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"Hateful Things" At The Mark Twain House


By Mary Majerus-Collins
Senior Reporter
Alexandria Garry
Junior Reporter
– The “Hateful Things” of racism are on full display at the Mark Twain House
and Museum.
A disturbing and
thought-provoking focal piece of the three-part Rage, Race & Redemption, “Hateful Things” features artifacts from the Jim Crow Museum of Racist Memorabilia
at Ferris State University.
The artifacts contained
discriminatory signs, imagery and playthings such as trading cards against
African Americans. One such item was a Monopoly parody called Ghettopoly filled
with racist stereotypes.
There are children’s
games and toys such as trading cards and books, even the popular books Dumbo, Mickey Mouse, and Woody Woodpecker
with racist images. 
Any African American
characters in these books were portrayed as uneducated and uncultured. Many
companies used propaganda against African Americans, making fun of
stereotypical southern accents and dialect.
The viewers of the
exhibit, which opened Thursday, expressed strong reactions upon seeing the
artifacts which stretched chronologically up to 2008.
Mary Majerus-Collins /


Keyla Ortiz, 14, visited the new exhibit



the Mark Twain House and Museum

in Hartford Thursday evening.


Fourteen-year-old Keyla
Ortiz of Hartford said she was “shocked” by the horrors shown in the exhibit.
The treatment of
African Americans was “very cruel and not nice,” said Ortiz. “They have
feelings, too.”
Patti Philippon, chief curator of the Mark Twain House and Museum, said the museum wanted to host the exhibit for several years in hopes of
opening a dialogue.
She said the idea is to
explore what the images mean by using “this imagery that’s really difficult to
look at and difficult to see, difficult for people to explain, even to
themselves,” as a starting point for discussion and education to hopefully lead
the next generation to see beyond race.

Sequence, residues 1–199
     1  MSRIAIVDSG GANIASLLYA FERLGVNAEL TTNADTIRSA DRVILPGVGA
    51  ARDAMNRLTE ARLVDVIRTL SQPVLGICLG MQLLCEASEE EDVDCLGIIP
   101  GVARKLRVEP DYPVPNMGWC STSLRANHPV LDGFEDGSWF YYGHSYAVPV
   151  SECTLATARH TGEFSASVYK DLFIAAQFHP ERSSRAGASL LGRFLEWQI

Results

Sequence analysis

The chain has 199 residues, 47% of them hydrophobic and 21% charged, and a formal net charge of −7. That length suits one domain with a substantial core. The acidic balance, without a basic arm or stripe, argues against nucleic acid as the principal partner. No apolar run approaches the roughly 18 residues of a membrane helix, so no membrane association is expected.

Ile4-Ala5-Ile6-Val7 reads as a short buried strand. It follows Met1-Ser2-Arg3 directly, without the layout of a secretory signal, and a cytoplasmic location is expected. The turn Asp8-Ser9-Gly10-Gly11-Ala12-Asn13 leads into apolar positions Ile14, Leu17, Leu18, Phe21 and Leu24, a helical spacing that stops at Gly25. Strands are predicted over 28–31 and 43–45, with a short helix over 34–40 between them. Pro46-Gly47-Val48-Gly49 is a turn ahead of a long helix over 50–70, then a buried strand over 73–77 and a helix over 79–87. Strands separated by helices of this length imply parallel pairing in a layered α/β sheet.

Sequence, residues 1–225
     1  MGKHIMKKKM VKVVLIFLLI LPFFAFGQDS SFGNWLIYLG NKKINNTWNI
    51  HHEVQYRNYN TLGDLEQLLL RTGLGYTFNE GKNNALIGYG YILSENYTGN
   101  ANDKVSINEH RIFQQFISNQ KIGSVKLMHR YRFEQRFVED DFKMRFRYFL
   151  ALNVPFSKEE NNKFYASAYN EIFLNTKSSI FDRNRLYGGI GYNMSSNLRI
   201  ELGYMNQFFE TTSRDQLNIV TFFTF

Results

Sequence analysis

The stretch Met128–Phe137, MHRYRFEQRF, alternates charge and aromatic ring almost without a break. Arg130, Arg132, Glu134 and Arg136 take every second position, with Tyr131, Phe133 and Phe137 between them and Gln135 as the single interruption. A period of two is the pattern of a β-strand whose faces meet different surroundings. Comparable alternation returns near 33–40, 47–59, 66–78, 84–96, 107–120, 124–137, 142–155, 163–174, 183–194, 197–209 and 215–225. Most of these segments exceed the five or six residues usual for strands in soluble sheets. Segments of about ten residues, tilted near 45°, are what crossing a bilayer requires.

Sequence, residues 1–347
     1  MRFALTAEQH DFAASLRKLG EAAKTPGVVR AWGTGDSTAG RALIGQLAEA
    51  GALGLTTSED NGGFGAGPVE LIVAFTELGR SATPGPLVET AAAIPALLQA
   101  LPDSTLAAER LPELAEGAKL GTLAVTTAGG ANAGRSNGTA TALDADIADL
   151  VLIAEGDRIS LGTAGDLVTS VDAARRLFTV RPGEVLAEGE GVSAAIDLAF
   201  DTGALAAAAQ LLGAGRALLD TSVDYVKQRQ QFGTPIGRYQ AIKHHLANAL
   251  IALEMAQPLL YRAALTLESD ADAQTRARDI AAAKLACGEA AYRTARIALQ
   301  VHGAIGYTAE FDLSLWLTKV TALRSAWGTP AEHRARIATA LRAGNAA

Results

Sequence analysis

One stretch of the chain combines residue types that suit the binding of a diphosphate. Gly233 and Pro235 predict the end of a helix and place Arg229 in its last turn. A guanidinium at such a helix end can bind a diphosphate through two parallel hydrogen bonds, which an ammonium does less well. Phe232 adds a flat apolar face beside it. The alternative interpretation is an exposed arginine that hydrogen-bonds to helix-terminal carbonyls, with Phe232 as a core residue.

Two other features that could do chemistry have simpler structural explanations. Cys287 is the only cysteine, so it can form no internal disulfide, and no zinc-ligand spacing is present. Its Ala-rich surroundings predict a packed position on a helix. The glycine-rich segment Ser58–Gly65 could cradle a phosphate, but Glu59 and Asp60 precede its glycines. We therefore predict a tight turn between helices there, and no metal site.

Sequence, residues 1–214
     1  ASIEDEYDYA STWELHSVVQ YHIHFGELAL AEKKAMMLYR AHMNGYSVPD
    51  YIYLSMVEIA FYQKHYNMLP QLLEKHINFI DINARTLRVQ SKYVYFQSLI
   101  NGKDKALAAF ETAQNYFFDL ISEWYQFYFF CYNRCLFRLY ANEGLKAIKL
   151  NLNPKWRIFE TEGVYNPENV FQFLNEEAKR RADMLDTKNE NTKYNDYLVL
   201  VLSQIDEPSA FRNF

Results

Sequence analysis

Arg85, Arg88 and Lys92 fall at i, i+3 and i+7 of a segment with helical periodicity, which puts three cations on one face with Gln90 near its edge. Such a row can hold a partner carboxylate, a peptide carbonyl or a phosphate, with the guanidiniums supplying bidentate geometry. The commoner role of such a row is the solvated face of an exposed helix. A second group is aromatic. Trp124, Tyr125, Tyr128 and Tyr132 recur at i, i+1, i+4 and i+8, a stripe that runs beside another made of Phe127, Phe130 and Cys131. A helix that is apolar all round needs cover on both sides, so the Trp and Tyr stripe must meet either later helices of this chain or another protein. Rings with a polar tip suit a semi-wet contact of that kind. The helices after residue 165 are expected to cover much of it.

Racism is still relevant,
said Philippon.
“Every day there are
still examples in the newspapers of racist issues & race riots, these kinds
of things that still happen, and I think that as far as we have come there is
still more that we can do,” she said.
Mary Majerus-Collins /


Patti Philippon, chief curator

The Mark Twain House,
Philippon said, “can be a place where people can really talks about it and have
a positive response to negative imagery.”
Though much of the “Hateful
Things” exhibit was troubling – and at some points disturbing – people
attending saw the importance of the history.
“It’s a great exhibit
because it shows the history of cultural racism in this country,” said museum
visitor Julius Fabrini. “It is important for today’s generation to see how
racism was reflected and how it had an impact on everyday life.”
Race & Redemption
also includes “A Sound Heart &
a Deformed Conscience,” which examines Twain’s personal evolution on race
matters and “Hopeful Things,” a collection of memorabilia depicting a positive
view of African Americans through music, children’s books and portraits of
cultural heroes.
Several films,
lectures, and performances are also part of the museum’s spotlight on race. The
exhibit closes September 3 related programming runs through mid-September.